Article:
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Background and objectives: In two experiments, we investigated the effects of Attentional Bias Modification (ABM) on emotion regulation, i.e. the manner in which people influence emotional experiences. We hypothesized that decreases in attentional bias to threat would impair upregulation and improve downregulation of negative emotions, while increases in attentional bias to threat would improve upregulation and impair downregulation of negative emotions. Methods: Using the emotion-in-motion paradigm (Experiment 1, N = 60) and the visual search task (Experiment 2, N = 58), we trained participants to attend to either threatening or positive stimuli and we assessed emotion intensity while observing, upregulating, and downregulating emotions in response to grids of mixed emotional pictures. Results: In Experiment 1, the attend positive group reported more positive emotions while merely watching grids of training pictures and the attend threat group showed impaired upregulation of negative affect. In Experiment 2, the attend threat group reported intensified negative emotions for all three instructions, while the attend positive group remained largely stable over time. Limitations: We cannot unequivocally attribute these changes in emotion regulation to changes in attentional bias, as neither of the experiments yielded significant changes in attentional bias to threat. Conclusions: By showing that attentional bias modification procedures affect the manner in which people deal with emotions, we add empirical weight to the conceptual overlap between attentional bias modification and emotion regulation.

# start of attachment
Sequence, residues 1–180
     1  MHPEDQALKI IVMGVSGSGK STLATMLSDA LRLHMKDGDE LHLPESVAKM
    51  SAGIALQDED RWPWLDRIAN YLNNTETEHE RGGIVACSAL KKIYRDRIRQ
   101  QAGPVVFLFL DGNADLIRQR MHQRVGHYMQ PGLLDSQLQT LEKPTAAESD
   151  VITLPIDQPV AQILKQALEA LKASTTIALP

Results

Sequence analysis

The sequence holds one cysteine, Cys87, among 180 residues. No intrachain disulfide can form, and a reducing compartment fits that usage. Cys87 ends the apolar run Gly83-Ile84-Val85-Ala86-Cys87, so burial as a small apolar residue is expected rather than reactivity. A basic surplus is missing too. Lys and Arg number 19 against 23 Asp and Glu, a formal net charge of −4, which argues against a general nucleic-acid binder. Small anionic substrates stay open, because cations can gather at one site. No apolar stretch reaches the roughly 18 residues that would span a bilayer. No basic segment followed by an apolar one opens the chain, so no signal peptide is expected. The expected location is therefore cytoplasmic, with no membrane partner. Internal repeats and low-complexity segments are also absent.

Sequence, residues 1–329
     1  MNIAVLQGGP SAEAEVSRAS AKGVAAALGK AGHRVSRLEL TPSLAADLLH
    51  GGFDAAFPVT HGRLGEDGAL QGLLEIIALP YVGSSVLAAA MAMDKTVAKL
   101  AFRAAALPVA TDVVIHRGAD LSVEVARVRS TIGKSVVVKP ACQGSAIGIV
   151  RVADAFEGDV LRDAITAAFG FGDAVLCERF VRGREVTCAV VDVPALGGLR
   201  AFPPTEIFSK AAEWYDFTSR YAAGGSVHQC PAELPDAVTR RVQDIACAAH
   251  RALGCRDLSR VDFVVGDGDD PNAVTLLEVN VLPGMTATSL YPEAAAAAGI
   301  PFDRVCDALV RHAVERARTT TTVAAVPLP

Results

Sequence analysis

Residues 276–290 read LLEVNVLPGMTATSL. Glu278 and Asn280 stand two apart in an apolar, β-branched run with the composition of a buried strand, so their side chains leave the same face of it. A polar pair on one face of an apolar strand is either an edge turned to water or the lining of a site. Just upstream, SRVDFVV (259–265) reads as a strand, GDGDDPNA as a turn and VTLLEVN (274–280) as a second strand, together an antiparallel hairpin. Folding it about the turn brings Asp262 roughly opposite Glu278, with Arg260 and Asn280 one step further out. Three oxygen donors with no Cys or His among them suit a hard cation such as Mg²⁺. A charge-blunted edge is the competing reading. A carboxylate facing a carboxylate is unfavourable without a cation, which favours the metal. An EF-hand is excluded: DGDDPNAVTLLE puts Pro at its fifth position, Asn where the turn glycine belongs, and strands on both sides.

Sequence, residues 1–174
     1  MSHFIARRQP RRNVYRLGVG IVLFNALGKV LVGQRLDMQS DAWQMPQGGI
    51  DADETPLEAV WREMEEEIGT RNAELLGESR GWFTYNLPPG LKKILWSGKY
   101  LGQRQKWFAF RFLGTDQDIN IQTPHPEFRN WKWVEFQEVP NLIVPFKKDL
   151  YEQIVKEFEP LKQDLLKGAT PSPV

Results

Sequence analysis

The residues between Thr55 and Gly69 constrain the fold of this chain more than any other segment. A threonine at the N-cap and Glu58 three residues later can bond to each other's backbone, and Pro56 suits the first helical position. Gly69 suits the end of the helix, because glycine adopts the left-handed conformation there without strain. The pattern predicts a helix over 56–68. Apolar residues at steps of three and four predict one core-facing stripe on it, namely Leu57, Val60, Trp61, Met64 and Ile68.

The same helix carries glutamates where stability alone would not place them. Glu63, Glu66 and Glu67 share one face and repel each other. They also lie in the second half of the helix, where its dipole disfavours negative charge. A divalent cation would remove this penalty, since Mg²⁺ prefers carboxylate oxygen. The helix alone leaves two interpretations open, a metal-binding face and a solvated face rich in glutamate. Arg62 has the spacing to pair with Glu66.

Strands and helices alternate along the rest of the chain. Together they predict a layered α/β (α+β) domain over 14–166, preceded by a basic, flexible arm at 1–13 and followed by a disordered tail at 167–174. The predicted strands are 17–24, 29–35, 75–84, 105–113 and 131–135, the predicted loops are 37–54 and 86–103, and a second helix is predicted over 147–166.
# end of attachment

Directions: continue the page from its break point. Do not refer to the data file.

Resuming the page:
|Number of pages||11|
|Journal||Journal of Behavior Therapy and Experimental Psychiatry|
|Early online date||30 Aug 2018|
|Publication status||Published - 1 Mar 2019|
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